But, my good darling, forget all my sufferings, overcome your own, and
think of our children. Say to yourself that you have a sacred mission to
fulfil, that of having my honor given back to me, the honor of the name
borne by our dear little ones. Moreover, I recall to my mind what you
told me before my departure. I know, as you repeated to me in your
letter of February 17th, what the words of your mouth are worth. I have
an absolute confidence in you.

Then do not weep any more, my good darling; I will struggle until
the last minute for you, for our dear children.

The body may give way under such a burden of grief, but the soul
should remain firm and valiant, to protest against a lot that we have not
deserved. When my honor is given back to me, then only, my good darl-
ing, we shall have the right to withdraw from the field. We will live


for each other, far from the noise of the world ; we will take refuge in our
mutual affection, in our love, grown still stronger in these tragical events.
We will sustain each other, that we may bind up the wounds of our
hearts; we will live in our children, to whom we will consecrate the
remainder of our days. We will try to make them good, simple beings,
strong in body and mind. We will elevate their souls so that they may
always find in them a refuge from the realities of life.

May this day come soon, for we have all paid our tribute of sufferings
upon this earth ! Courage, then, my darling ; be strong and valiant ; carry
on your work without weakness, with dignity, but with the conviction of
your rights. I am going to lie down, to close my eyes and think of you.
Good night and a thousand kisses.

On May 18, 1895, Dreyfus wrote as follows to his son:

Dear Little Pieeee :

Papa sends good big kisses to you, also to little Jeanne. Papa thinks
often of both of you. You must show little Jeanne how to make beauti-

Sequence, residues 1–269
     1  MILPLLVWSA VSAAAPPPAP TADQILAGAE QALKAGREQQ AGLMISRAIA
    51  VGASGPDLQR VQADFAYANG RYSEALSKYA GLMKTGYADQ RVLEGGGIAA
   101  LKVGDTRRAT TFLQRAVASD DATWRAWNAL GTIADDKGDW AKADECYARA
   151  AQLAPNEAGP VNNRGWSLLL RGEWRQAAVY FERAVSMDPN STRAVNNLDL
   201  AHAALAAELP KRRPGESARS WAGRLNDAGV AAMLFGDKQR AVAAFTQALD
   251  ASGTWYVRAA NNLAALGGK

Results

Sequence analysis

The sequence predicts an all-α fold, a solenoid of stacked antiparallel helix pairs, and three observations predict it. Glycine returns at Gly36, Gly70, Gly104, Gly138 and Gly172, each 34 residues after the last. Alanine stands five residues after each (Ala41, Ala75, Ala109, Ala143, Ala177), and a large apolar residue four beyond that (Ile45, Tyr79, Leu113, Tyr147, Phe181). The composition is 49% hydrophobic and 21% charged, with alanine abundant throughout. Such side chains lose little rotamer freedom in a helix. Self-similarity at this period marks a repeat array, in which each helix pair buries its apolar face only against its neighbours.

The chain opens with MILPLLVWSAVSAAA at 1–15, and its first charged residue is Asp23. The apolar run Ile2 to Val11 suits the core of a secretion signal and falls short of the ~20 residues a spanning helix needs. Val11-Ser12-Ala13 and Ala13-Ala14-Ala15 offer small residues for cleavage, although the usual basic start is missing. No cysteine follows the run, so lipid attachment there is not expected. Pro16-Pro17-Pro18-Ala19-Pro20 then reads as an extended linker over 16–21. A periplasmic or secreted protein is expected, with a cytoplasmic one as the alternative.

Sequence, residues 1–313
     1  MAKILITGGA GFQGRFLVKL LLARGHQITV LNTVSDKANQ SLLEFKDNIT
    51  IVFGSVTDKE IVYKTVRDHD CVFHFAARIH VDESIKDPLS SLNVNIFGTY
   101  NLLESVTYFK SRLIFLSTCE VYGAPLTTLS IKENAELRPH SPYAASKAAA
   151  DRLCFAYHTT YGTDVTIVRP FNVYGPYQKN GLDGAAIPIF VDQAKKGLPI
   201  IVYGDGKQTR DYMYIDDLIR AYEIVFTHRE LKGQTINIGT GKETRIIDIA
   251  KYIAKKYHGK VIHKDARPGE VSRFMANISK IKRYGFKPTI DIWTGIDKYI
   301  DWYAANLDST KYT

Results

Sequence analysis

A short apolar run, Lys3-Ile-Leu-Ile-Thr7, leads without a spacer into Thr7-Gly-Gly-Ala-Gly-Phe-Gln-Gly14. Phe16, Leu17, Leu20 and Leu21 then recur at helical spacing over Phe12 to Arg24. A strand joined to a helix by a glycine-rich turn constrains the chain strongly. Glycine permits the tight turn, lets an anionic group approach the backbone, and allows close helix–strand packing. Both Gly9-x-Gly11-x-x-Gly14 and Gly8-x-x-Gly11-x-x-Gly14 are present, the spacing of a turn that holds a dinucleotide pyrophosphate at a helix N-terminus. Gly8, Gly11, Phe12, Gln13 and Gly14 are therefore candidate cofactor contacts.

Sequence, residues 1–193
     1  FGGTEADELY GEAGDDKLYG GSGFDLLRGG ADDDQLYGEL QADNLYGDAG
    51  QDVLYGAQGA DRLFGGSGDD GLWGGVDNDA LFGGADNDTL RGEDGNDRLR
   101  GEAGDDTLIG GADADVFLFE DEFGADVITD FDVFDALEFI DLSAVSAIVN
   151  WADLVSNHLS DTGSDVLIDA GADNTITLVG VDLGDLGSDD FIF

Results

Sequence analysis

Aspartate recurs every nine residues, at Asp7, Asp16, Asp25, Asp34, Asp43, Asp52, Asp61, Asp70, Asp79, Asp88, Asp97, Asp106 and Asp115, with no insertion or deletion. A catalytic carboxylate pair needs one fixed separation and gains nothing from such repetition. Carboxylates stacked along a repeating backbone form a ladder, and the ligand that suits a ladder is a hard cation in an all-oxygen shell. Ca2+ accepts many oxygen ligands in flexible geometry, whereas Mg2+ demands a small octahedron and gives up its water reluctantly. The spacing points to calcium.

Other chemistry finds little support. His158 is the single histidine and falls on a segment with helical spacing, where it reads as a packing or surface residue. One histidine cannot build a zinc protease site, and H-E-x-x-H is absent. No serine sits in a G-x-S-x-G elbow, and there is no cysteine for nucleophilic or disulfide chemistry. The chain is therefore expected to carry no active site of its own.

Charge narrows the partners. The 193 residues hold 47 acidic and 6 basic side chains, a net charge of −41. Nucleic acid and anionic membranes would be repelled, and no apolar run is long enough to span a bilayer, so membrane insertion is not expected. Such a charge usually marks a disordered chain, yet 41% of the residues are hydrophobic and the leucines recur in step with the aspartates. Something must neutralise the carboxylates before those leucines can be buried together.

ful towers with the wooden blocks, very high, such as I made for you,
and which toppled down so well. Be very good. Give good caresses to
your mamma when she is sorrowful. Be very gentle and kind also to
grandmother and grandfather. Set good little traps for your aunts.
When papa comes back from his journey you will come to the railway
station to meet him, with little Jeanne, with mamma, with every one.

More good big kisses for you and for Jeanne. Your


Here is another touching extract from a letter of Dreyfus to his wife :

I do not know anything of what is passing around me. I live as in a
tomb. I am incapable of deciphering in my brain this appalling enigma.
All that I can do, then, and I shall not fail in this duty, is to sustain
you to my last breath — is to continue to fan in your heart the flame which
glows in mine, so that you may march straight forward to the conquest of
the truth, so that you may get me back my honor, the honor of my chil-
dren. You remember those lines of Shakespeare, in "Othello." I found
them again not long since among my English books. I send them to you
translated (you will know why ! )

" Celui qui me vole ma bourse,
Me vole une bagatelle.
C'est quelque chose, mais ce n'est rien.


1. Zola.
3. Mercier.

2. Clemenceau.
4. Carriere.


; 5^?i

' ■»'" '-SV-



1. M. Cochefert, Chief of the Secret Service.

2. Major Du Paty de Clam dictating Trial Passages of the Bordereau to Captain Dreyfus

before his arrest.


1. Dreyfus before the Court.

2. Keadins the Verdict.

3. Maurel-Pries.

4. Maitre Demange.


, >Si '.1

■:$iC ^>

/ '



EUe etait a moi, elle est a lui et

A etait I'esclave de mille autres.
Mais celui que me vole ma bonne renommee,
Me vole une chose que ni I'enrichit pas,

Et que me rend vi'aiment pauvre."

Ah, yes! he has rendered me "vraiment pauvre," the wretch who has
stolen my honor! He has made us more miserable than the meanest of
human creatures.

The quoted verses are a rendering of—

" Who steals my purse steals trash ; . , .
But he vpho filches from me my good name
Robs me of that vfhich not enriches him,
And makes me poor indeed."

Under date of June 16, 1895, the unhappy prisoner wrote:

To-day a more peculiarly intimate sadness invades my soul, because
on this day, Sunday, we used to be together all day, and we used to end it
with your dear parents. But my heart, my conscience, and my reason,
too, tell me that these happy days will return to us. I cannot admit that
an innocent man can be left to expiate indefinitely, for a guilty wretch,
a crime as abominable as it is odious ; and then, to sum it up in one word,
what must give you, as it gives me, unconquerable energy, is the thought
of our children, as I have already told you before ; for ideas which emanate
from such a subject must, from their nature, repeat themselves. We must
have our honor, and we have not the right to be weak; without it, it
would be better to see our children die.